President Jimmy Carter Honored as 2019 Distinguished Conservationist at 26th Annual ecoBenefête
Monday, November 11th, 2019
The Georgia Conservancy honored Former U.S. President Jimmy Carter as its 2019 Distinguished Conservationist at the Atlanta History Center on November 7th. The Distinguished Conservationist Award, bestowed at that Conservancy’s annual gala, ecoBenefête, recognizes President Carter’s profound and lasting impact on the conservation and protection of Georgia’s natural resources.
As one of the Georgia Conservancy’s charter members in 1967, President Carter’s notable environmental legacy in Georgia and beyond merits celebration by the organization. From his role in preserving the Upper Flint River at Sprewell Bluff, to his establishment of the Georgia Heritage Trust, to his support of significant environmental policy changes and unwavering commitment to our natural resources, President Carter has left our lands and water for the better.
“My thoughts on conservation are grounded in a lifelong love of the natural wonders of Georgia and our responsibility to pass on the land, water, and forests in a better condition than we inherited them,” wrote President Carter in his acceptance of the Distinguished Conservationist Award. “Growing up on a farm, I understood the protection of the earth was the individuals’ responsibility and that we must carefully manage and enhance nature rather than degrade it. I am proud to have had the opportunity to share these ideals with the Georgia Conservancy. Their leadership in environmental preservation, protection, and policy enactment was helpful to me as State Senator, Governor of Georgia, and then President of the United States.”
President Carter’s childhood experience on his family farm in Georgia and early notions of stewardship contributed to a strong environmental ethic, which was expressed during his tenures as State Senator, Governor, and President of the United States. That environmental awareness and concern bore fruit in Georgia at Panola Mountain, at Sweetwater Creek, and at Sprewell Bluff, along the Chattahoochee River, in the wild and scenic waters of the Chattooga, and on Ossabaw Island. Georgians today enjoy these places because President Carter understood that nature could not take care of itself alone, that environmental advocacy and protection are the responsibility of us all, as are the consequences of neglect.
“Future generations of conservation leaders must remember that we are stewards of a precious gift, which is not an unpleasant duty but rather an exciting challenge,” said President Carter. “We must safeguard our land so that our children and grandchildren can enjoy freshwater, clean air, scenic mountains and coasts, fertile agricultural lands, and healthy save places to live and thrive.”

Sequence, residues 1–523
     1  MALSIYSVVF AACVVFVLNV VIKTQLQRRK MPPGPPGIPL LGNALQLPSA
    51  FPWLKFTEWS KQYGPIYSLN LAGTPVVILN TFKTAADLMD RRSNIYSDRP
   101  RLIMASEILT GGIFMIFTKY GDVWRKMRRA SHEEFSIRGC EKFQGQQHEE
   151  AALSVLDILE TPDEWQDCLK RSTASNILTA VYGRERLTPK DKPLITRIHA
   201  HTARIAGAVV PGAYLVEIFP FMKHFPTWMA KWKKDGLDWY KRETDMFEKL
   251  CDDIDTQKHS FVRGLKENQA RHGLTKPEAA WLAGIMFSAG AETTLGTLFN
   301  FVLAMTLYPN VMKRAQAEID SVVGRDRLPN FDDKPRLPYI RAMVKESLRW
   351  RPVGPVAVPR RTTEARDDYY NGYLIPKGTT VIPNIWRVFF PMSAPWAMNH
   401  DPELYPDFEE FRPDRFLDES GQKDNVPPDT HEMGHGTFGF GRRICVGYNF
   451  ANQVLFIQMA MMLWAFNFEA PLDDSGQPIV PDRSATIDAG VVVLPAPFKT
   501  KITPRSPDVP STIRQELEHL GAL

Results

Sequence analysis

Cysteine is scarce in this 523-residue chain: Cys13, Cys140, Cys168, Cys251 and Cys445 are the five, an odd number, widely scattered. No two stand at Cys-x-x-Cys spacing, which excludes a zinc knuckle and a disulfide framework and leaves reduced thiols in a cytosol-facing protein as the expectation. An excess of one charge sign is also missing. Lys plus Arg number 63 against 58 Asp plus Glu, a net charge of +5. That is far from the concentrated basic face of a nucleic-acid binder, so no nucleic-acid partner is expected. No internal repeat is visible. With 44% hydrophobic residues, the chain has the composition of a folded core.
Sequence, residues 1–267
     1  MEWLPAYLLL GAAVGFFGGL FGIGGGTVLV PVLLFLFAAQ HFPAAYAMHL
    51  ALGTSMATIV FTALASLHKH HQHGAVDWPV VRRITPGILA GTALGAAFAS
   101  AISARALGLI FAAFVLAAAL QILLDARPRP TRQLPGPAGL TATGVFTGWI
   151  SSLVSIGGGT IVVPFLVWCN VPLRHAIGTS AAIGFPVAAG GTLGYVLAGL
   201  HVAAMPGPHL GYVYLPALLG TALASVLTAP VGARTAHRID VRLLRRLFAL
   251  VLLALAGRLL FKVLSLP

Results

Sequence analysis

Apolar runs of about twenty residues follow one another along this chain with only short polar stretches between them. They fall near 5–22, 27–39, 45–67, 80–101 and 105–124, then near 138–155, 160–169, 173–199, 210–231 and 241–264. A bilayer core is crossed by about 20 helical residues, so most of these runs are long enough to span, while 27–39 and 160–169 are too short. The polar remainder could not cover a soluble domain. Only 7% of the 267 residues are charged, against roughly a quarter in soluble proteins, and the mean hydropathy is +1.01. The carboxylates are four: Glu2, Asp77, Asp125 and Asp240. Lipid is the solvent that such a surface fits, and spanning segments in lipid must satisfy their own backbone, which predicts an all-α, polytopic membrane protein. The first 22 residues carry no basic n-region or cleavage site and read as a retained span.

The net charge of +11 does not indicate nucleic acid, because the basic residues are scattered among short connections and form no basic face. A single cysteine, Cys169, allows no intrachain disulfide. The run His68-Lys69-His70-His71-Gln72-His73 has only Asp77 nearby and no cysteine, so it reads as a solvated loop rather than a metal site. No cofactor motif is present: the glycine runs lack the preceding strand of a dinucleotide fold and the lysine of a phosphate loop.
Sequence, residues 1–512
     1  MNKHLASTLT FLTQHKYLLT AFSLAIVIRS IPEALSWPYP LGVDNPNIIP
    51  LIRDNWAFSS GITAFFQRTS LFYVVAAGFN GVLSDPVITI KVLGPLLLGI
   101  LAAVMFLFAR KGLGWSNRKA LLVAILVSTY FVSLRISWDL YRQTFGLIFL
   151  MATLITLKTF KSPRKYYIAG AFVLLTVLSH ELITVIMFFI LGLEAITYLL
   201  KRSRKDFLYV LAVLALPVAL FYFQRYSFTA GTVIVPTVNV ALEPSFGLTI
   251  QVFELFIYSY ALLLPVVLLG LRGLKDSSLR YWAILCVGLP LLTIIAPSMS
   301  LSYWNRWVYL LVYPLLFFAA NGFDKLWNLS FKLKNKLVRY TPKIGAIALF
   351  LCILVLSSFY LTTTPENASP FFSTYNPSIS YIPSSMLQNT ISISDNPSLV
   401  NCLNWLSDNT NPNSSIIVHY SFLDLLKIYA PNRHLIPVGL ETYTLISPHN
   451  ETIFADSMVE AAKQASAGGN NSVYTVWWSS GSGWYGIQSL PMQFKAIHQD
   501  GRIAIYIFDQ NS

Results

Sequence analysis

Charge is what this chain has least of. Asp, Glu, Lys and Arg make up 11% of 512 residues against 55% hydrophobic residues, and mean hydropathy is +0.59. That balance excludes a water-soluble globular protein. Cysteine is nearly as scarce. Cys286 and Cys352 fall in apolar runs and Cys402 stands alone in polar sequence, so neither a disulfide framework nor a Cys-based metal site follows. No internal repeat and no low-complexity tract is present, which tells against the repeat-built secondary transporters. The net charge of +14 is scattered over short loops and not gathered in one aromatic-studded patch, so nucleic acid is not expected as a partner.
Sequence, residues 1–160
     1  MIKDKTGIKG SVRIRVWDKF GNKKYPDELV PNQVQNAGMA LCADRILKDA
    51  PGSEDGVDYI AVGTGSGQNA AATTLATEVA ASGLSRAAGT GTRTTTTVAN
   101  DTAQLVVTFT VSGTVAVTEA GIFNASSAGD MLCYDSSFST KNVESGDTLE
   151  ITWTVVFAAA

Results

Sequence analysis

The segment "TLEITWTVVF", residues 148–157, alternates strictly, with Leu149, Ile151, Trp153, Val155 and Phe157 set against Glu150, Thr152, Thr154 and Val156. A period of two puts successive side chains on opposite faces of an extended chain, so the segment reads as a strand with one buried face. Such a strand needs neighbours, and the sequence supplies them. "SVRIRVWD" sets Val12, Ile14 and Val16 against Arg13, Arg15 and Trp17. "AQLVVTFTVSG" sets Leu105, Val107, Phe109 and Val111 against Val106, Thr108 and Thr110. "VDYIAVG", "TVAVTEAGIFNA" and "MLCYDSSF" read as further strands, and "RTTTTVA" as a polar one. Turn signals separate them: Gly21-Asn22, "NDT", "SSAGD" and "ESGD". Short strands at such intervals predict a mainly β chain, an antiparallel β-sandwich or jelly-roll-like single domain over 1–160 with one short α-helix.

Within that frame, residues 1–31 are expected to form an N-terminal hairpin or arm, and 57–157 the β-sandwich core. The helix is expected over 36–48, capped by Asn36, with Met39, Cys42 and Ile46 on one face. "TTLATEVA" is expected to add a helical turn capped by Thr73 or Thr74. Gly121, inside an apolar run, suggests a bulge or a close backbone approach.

The 26th annual ecoBenefête was a singular opportunity to honor the legacy of President Carter and his extraordinary impact on Georgia, the Georgia Conservancy, and the environment.
Two former Georgia Conservancy Trustees and current members of The Carter Center Board of Councilors, Claire Arnold and Joel Cowan, accepted the award on behalf of President Carter in his absence and discussed with the audience his continuing influence on environmental stewardship and their hope for the future of the Georgia Conservancy.
“The collaboration that the Georgia Conservancy has done for many years on issues with disparate parties that are far apart, they have been able to bring them together,” said Arnold. “The Conservancy has played a quiet, collaborative, constructive role, and I think that that has to continue.”
In reaffirming the Georgia Conservancy’s mission to carry forward President Carter’s conservationist ideals and continue in that collaborative role, Georgia Conservancy President Bart Gobeil announced an exciting new project aimed at preparing Georgia for an estimated 40% increase in population by 2030.
“I’m proud to announce tonight that we have partnered with our friends at Georgia Tech on an effort to historically review, through advanced GIS mapping, the state’s land coverage and usage for every decade since 1970,” said Gobeil. “This data will provide us with an in-depth overview of how the state’s land use has changed as we have grown in population over the years, and going forward will allow the partnership to create scenarios and variables to help us predict land usage as these 4 million individuals move to our state. These scenarios and predictions will provide us with an advocacy and collaboration road map that ensures the next phase of our state’s growth is consistent in a manner that is true to our value statement which demands a Georgia where both people and the environmental thrive.”